Sometimes, the furniture business is as full of foreign intrigue as a good spy movie. There are backroom deals, squabbling over loot, and all sorts of shenanigans. For example, the Byrd Amendment (the Continued Dumping and Subsidy Offset Act) was put in place in 2000 to deter countries like China from dumping cheap goods onto the American market. Furniture was among the products affected by this anti-dumping Act. Although this legislation has now been repealed, there is still a tidy sum in collected duties waiting to be distributed.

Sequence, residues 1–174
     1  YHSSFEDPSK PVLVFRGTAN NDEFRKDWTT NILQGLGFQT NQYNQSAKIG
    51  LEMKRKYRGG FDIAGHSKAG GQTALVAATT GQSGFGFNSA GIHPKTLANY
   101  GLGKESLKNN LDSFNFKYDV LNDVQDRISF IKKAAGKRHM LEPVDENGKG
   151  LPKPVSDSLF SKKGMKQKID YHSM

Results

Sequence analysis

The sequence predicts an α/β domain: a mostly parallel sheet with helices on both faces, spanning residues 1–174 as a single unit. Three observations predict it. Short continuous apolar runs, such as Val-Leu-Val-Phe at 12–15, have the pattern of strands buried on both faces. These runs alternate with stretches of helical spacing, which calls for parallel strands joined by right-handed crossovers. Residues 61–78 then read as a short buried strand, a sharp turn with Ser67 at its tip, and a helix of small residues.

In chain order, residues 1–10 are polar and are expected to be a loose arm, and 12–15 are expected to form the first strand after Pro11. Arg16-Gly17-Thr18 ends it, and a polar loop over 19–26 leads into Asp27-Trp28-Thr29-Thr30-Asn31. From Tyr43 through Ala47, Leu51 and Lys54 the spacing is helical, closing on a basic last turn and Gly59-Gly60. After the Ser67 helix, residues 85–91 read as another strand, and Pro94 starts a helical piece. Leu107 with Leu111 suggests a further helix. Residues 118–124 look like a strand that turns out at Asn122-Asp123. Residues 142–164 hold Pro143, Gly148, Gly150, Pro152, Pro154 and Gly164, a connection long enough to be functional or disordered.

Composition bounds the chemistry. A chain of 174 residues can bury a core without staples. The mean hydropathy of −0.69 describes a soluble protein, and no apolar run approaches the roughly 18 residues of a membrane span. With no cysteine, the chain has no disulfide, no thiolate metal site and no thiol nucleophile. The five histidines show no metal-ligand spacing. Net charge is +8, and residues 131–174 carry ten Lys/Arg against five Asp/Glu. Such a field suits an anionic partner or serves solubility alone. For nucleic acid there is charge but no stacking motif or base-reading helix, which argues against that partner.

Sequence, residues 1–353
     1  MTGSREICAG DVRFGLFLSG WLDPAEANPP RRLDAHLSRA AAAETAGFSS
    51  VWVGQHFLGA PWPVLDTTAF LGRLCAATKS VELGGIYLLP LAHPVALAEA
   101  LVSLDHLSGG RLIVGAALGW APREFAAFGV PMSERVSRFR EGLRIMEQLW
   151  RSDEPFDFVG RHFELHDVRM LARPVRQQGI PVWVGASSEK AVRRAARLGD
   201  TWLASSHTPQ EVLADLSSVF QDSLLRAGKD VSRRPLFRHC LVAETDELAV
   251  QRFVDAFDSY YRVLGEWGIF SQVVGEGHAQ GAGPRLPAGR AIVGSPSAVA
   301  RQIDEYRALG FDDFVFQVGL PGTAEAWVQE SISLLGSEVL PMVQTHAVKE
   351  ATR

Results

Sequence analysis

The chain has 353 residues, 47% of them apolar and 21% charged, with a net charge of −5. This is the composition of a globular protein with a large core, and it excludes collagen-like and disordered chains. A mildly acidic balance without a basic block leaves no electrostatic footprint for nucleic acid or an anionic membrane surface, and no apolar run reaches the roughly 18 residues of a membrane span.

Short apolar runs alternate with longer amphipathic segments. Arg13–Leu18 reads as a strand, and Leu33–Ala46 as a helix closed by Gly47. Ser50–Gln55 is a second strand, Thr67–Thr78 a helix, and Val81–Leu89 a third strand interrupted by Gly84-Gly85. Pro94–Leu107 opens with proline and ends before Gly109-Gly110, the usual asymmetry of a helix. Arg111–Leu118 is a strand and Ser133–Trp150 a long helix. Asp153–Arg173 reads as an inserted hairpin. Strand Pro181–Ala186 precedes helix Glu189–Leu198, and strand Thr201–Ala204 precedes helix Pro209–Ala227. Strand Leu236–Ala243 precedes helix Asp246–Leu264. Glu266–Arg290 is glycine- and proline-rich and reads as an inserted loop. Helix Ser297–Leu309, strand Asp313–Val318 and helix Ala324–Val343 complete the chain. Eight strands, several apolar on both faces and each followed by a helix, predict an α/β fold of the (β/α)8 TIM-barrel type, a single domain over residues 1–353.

Who gets the money? According to U.S. Court of International Trade, the funds are to be distributed to American furniture companies that were affected by dumping. The catch is that only companies that supported the anti-dumping petition in the first place are eligible to benefit. Now, furniture companies that did not support the Byrd Amendment are clamoring for a share of the spoils anyway. They claim that it is unfair to penalize them for not marching in lock-step with the government in instituting the CDSOA when it was first proposed.
You can read more about the decision at Furniture Today. What do you think would be fair in this situation? Let us know in the comments.